Red-wattled Lapwing bird

Red-wattled Lapwing bird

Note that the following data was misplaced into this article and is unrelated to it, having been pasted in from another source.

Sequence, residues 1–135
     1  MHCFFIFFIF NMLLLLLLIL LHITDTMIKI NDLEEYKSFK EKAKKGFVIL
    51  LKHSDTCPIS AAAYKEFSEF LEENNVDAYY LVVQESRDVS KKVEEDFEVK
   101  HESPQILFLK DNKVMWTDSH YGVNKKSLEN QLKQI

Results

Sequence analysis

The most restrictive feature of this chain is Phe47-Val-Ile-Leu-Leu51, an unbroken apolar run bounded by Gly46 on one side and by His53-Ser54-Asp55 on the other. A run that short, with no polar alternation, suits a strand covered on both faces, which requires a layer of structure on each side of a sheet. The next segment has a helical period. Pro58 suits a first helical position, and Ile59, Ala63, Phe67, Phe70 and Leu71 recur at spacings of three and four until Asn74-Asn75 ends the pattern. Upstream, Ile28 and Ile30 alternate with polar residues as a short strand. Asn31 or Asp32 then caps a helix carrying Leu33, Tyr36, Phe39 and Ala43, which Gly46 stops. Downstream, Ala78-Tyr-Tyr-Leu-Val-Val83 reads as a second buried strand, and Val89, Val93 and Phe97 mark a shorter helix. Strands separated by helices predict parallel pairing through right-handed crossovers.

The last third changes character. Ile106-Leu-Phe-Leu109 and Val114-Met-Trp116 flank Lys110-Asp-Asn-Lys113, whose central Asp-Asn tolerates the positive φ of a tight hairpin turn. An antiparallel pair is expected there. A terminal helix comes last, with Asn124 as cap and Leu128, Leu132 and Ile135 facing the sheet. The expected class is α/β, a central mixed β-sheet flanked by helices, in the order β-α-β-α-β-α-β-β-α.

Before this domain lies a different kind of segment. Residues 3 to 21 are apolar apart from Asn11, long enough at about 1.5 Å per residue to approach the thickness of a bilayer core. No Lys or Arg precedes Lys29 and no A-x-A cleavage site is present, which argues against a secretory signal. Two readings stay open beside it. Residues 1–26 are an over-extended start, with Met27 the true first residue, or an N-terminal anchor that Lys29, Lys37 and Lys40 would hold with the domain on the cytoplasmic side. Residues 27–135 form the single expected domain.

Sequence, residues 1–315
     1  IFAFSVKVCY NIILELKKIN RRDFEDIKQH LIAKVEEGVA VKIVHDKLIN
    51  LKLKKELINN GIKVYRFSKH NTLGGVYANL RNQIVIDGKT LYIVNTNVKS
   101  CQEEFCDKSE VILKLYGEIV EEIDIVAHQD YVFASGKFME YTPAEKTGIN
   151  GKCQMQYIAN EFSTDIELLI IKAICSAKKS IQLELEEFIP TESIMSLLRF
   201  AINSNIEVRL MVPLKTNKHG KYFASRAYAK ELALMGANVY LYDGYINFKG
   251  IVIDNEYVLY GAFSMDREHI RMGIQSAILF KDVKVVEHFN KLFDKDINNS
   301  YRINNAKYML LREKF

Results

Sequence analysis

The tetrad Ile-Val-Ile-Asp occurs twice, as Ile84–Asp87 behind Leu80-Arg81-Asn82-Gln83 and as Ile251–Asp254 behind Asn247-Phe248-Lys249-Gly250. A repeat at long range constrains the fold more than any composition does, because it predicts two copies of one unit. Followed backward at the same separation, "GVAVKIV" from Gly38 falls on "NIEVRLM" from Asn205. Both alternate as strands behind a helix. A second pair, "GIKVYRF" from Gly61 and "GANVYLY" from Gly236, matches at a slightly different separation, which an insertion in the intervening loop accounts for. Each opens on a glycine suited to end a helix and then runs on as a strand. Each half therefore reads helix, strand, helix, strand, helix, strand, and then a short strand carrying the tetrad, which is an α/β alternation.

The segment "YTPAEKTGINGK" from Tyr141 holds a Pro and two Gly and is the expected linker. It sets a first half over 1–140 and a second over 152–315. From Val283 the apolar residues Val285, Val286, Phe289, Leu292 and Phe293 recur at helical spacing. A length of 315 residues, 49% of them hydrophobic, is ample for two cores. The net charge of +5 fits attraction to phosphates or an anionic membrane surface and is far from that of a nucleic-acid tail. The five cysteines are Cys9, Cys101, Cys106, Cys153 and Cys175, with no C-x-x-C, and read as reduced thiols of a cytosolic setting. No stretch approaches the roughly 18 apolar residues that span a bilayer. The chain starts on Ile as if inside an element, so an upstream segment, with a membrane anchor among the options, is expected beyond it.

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Red-wattled Lapwing (Vanellus indicus) is a lapwing or large plover, a wader in the family Charadriidae. Like other lapwings they are ground birds that are incapable of perching. Their characteristic loud alarm calls are indicators of human or animal movements and the sounds have been variously rendered as did he do it or pity to do it leading to the colloquial name of did-he-do-it bird. Usually seen in pairs or small groups and usually not far from water they sometimes form large aggregations in the non-breeding season (winter). They nest in a ground scrape laying three to four camouflaged eggs. Adults near the nest fly around, diving at potential predators while calling noisily. The cryptically patterned chicks hatch and immediately follow their parents to feed, hiding by lying low on the ground or in the grass when threatened. Red-wattled lapwings are large waders. The wings and back are light brown with a purple to green sheen, but the head, a bib on the front and back of the neck are black. Prominently white patch runs between these two colors, from belly and tail, flanking the neck to the sides of crown. Short tail is tipped black. A red fleshy wattle in front of each eye, black-tipped red bill, and the long legs are yellow. In flight, prominent white wing bars formed by the white on the secondary coverts. It usually keeps in pairs or trios in well-watered open country, ploughed fields, grazing land and margins and dry beds of tanks and puddles. Image by Bishnu Sarangi from Pixabay

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